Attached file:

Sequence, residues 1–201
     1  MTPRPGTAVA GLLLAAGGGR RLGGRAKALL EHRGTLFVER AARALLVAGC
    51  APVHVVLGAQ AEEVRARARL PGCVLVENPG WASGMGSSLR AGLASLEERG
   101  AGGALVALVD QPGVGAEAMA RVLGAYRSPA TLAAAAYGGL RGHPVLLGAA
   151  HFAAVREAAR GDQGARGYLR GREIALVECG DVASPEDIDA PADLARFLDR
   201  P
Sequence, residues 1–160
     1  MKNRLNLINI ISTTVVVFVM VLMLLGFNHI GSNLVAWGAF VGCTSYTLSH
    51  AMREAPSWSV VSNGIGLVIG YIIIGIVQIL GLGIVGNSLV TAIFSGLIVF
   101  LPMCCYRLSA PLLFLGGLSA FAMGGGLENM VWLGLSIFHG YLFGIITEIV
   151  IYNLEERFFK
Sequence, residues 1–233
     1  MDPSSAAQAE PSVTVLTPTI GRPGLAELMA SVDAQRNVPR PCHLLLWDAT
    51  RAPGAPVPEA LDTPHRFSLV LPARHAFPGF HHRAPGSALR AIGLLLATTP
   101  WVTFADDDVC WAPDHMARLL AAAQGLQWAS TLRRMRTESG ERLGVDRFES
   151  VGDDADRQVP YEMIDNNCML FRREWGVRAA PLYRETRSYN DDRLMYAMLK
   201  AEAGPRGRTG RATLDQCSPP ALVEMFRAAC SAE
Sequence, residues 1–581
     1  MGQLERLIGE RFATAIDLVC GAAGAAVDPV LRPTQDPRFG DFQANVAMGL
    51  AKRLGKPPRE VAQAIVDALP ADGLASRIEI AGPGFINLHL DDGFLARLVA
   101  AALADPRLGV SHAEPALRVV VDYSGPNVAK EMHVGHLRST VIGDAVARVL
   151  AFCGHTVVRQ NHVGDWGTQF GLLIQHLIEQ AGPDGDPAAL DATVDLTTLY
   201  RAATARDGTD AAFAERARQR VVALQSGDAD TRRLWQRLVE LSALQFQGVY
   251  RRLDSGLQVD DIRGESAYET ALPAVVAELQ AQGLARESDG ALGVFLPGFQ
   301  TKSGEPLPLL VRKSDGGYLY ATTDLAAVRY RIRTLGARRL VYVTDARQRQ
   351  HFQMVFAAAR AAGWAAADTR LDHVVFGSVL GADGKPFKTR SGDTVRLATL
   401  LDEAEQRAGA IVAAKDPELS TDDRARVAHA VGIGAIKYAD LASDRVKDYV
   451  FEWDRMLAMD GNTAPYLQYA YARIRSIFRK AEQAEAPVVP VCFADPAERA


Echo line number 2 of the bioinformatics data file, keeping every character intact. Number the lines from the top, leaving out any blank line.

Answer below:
     1  MTPRPGTAVA GLLLAAGGGR RLGGRAKALL EHRGTLFVER AARALLVAGC